IF YOU’RE FAMILIAR with the ultra-efficient practices of ultramodern coupling, you know about speed dating, whereby expeditious singles complete a dozen or so 10-minute “dates” in a single evening. They’re really just frantically sizing up the stats of potential mates and racing to keep a running tally of the best options, but apparently, it works for some people. A few Mondays ago at SAM, the notion behind speed dating worked for some people, too, but the matchmaking was of a different sort.
The 34 local chefs and retail buyers who mixed and mingled with 55 regional fishermen and seafood harvesters in the museum’s meeting rooms were participating in Seattle’s first Fisherman-Chef Connection, a daylong event organized by local food industry professionals and environmentalists from Ecotrust and Pacific Marine Conservation Council, based on a similar effort in Portland. Before and after the speed-dating round, there were workshops and panel discussions about salmon farming (not good), frozen-at-sea technologies (potentially very good), and direct marketing between the hands that catch and the hands that grill (great). The overall idea was simple: Put the two parties in the same room, allow them to discuss their needs, and let nature take its course. That course should end at your plate where responsibly caught, responsibly managed seafood is responsibly, and deliciously, presented.
For chefs like Charles Ramseyer of Ray’s Boathouse, these relationships and these issues are crucial because his restaurant specializes in seafood, and plenty of it. Although he has to deal with the big distributors in order to keep his stock up, he also buys as much as he can from independent boats because in the best-case scenario, the seared scallops in front of you have only been handled by someone in fishermen gloves and someone in chef’s baggies.
But all too often, fish go from there to here only to be shipped back over there so it can be cut and frozen by these guys and packed and labeled by some other guys. As Ramseyer illustrated by way of a story about how he no longer drives to Sea-Tac to pick up fish flown from Alaska, time is money, and it’s getting harder and harder for fishermen to operate on a DIY model. Because airlines are increasingly apt to favor the cargo customer who has the most cargo, he who spends the most gets on board first—and the little guys often get edged out. Ramseyer doesn’t drive to the airport anymore because there aren’t many single-boat fishermen overnighting their catch to individual chefs these days. It’s the same big, bad business story you’ve heard applied to other facets of life. In fish markets, as in dating, as in just about everything else, nice guys don’t always finish first.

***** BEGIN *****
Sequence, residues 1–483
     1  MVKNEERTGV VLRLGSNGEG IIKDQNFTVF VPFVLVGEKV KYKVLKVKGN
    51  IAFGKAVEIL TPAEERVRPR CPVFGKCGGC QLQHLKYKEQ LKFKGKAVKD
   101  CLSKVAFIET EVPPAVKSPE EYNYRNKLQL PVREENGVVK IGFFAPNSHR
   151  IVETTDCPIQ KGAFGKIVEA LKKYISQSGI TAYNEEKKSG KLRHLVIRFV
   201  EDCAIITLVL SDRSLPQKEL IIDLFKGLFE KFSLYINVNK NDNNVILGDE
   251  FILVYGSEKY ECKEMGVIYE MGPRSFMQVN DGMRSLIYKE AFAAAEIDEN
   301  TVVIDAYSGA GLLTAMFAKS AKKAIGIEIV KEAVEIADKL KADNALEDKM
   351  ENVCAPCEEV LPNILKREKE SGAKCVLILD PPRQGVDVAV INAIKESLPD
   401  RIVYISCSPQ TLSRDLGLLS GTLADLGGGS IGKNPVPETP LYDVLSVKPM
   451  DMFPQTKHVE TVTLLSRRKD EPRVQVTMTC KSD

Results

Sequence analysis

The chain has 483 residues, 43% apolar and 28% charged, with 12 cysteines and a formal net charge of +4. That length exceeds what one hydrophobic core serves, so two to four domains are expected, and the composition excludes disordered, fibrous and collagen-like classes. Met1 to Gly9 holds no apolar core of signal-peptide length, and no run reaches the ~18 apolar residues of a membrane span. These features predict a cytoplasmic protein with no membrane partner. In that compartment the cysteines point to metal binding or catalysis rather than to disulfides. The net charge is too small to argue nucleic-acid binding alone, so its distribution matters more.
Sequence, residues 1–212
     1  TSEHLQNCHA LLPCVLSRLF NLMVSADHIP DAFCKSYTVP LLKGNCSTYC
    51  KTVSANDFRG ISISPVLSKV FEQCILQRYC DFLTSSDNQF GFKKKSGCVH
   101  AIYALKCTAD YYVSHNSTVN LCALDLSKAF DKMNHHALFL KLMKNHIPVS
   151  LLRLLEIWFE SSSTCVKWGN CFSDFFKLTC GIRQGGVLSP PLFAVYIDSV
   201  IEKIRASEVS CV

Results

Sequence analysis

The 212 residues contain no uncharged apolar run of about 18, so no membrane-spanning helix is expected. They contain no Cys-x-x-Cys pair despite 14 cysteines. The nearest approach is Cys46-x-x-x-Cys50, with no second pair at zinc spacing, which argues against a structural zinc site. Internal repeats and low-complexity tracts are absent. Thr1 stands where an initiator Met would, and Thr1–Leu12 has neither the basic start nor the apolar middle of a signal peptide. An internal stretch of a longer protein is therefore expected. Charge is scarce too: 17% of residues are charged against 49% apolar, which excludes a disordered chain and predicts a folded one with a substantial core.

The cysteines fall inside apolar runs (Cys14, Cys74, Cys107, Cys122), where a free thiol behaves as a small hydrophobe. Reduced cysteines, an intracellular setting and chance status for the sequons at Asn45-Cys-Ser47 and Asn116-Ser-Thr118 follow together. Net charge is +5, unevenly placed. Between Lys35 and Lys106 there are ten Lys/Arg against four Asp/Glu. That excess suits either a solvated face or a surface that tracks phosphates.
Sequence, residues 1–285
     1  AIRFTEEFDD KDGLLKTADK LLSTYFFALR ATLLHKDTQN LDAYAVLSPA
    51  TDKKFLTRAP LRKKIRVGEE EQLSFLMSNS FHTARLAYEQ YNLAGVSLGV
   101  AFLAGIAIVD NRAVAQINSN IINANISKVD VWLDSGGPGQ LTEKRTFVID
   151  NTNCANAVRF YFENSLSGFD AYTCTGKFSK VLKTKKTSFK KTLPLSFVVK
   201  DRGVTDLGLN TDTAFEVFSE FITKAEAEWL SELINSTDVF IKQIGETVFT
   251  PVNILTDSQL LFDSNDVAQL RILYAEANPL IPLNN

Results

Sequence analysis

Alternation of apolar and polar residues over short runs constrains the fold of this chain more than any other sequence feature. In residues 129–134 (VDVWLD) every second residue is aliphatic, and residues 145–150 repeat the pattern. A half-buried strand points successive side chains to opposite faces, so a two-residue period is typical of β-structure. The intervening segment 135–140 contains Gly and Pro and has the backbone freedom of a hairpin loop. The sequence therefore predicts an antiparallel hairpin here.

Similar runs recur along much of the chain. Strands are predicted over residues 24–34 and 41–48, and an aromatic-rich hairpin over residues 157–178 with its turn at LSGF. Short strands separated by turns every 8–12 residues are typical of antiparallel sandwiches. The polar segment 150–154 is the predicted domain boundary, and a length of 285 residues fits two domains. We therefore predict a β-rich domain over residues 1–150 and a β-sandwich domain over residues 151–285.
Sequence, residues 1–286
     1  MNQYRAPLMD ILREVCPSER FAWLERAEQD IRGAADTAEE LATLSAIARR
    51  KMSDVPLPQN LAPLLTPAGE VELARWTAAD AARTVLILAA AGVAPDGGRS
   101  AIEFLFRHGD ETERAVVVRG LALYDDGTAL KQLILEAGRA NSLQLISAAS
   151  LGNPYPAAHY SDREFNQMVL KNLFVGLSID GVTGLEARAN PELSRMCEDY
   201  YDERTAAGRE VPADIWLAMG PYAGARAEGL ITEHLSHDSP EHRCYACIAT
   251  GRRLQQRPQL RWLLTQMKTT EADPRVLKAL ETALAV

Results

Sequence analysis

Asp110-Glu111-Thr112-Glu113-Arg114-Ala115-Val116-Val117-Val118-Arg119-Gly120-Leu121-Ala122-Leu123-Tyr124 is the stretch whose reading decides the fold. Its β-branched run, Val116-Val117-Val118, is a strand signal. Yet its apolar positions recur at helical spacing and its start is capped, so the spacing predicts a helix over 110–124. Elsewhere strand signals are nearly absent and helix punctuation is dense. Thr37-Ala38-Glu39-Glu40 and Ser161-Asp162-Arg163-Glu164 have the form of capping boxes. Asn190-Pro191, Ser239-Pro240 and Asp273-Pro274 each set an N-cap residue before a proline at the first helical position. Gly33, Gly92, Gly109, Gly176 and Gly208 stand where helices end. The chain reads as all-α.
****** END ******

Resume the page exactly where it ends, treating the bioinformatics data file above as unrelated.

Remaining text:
WILL THERE BE a rash of second dates? Absolutely. (To make things easier, the event organizers are even publishing a little black book of sorts.) For Bill Whitbeck of Taylor Shellfish, those dates will be more of the same: More direct deliveries to restaurants like Chiso (where chef Tai Chi Kitamura is experimenting with their geoduck), and more truly direct marketing to consumers at neighborhood farmers markets. Relationships like the one between fisherman Joe Malley and chef Jonathon Sundstrom will continue to evolve—Malley’s tuna and his troller get top billing at Lark; the menu frequently offers “St. Jude’s albacore.” And I suspect the phone will ring off the hook for fishermen like Bruce Gore, who pioneered an increasingly popular method for independent boats to freeze their catch at sea, thereby allowing them independence from corporate processors and extending your seafood-eating season by supplying restaurants (like Ramseyer’s) with quality catch that keeps well.
So the next time you take someone out to dinner, you might consider asking your server about the restaurant’s mating habits. When you support local and regional fishermen and the effort to shorten “food miles,” you’re not just eating well and supporting your own economy, you’re spreading the love.